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Organisational types of newsrooms in a media convergent environment

June 25, 2008D. SchantinLeave a commentGo to comments

The last few years have seen publishing houses all over the world begin to adapt their editorial products, services, infrastructure and IT. The catalyst for this transformation is the rapidly changing needs of a once traditional print audience who are now moving towards the new opportunities of the digital world. More and more, editorial departments consider digital channels as important as the print medium. Newspaper brands now offer audio and video stories on their websites or via mobile services and push interactive services such as blogs and discussion forums. These changes and diversification of products and services inevitably have an impact on workflows, roles and structures in an editorial department. In order to achieve the goal to offer new products and services, a wide range of organisational concepts and strategies were conceived by editorial management. Some of these concepts were the incremental next step of a process of evolutionary development. Others followed a more radical approach to changing every inch of how their newsroom operates. Looking at the organisational concepts that have been realised in editorial departments, we can see three main structural types: The first type, lets call it Newsroom 1.0 or the multiple media newsroom, provides dedicated editorial resources for each platform that is serviced by the publishing houses. This results in separate editorial units for the print edition and for the online site. The low-cost version would be one or a few editors who take the copy of the print edition, possibly rewrite the copy and put it on the website. This can happen either before the story was published in the print edition or after the newspaper has hit the stands. On the other side of the spectrum there is a fully equipped editorial department with online reporters and online editors who do their own research and content generation and run the web site as more or less as a separate channel from the printed edition. These kinds of online editorial operation can be either part of the print editorial or sometimes even a separate company with its own P&L. No matter what shape this type has, the responsibility for the print and the online channel are divided between different people with often an editor for the printed edition and an online editor. The content generation, editing and production is by and large divided between the print and the online world. This structure can be seen at the Austrian national newspaper sterreich which was launched in September 2006 and sold in August 2007 about 167.000 copies per day. sterreich was set up from the beginning as a brand that equally uses print and digital as channels to publish their content.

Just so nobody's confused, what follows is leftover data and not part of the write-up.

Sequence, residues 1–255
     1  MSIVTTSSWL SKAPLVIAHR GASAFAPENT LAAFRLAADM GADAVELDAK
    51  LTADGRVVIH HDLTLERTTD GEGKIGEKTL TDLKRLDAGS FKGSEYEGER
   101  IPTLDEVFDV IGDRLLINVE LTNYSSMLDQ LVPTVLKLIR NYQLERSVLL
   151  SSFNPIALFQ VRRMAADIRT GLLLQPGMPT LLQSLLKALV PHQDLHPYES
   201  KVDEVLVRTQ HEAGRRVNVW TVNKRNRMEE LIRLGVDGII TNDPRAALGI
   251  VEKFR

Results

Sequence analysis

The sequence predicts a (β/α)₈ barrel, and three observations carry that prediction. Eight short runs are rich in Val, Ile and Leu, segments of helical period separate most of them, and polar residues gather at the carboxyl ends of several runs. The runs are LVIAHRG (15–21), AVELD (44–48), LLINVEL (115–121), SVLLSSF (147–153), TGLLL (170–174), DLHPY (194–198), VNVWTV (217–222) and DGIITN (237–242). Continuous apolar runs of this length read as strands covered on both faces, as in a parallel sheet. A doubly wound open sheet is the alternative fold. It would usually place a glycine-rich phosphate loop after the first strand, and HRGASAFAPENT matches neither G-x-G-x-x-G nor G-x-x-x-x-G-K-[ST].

Newsroom at Oesterreich in Austria Looking at the structure of the newsroom, sterreich has a very innovative newsroom layout in terms of putting all editorial resources in an open office space environment. The editorial decision makers are located in the

middle of the newsroom the different sections such as news, business and sport as well as online, are placed with their editorial and production staff around the centre news desk. According to this concept the print and online journalists are working in the same environment and the online editor is part of the newsdesk team, but, in general, print journalists dont directly generate content for the digital channels of sterreich. Other examples of newspaper operations that follow basically the same editorial concept, but with different newsroom structures, are the Guardian in UK, der Standard in Austria, Klner Stadtanzeiger in Germany, Aftonbladet and Norrkping Tidningar in Sweden, Verdens Gang in Norway and many others around the globe. The second type, that can be distinguished, Newsroom 2.0 or the cross media newsroom, works on the principle that the content gatherers generate the content for all channels served by the editorial department. There are different responsibilities for each channel, but the different sections (news, sport, features etc.) generate the content for print and online and also provide other formats such as video for the web or audio and also provide input for Web-TV or Radio. In 2003 Nordjyske Stiftstidende, a regional daily newspaper in Denmark with a circulation of about 75.000 copies, reorganised their editorial department and transformed it from a paper centric traditional operation into a modern multi media publishing. Today, a daily paid-for and a free newspaper, a TV programme for online and cable and two radio programmes are produced out of one editorial department.

Newsroom at Nordjyske The picture you can see depicts the structure of the Superdesk at Nordjyske Stiftstidende. For each channel there is a responsible editor who sits on the Superdesk. Additionally the picture editor is located at the superdesk as well as a spare desk for special occasions. The content is generated by what is known as content groups, similar to the different sections of a newspaper. An additional though crucial role can be found on this Superdesk; the Media conductor. The media conductor role is carried out in a rota system by one person from a team of five people. Three people of this team are part of the chief editorial team. This media conductor is responsible for the total output of the editorial department on print, online, radio and TV. He primarily handles the discussions between the different channel responsible editors in terms of priorisation of channels and the decision, what content goes when and where. Finally he is some kind of referee who balances the different and potentially conflicting request that are issued by each channel to the different content groups. Nordjyske Stiftstidende was one of the pioneers in implementing a radical change in the newsroom and is very successful in terms of expanding their total reach among their audience and monetising the different platforms.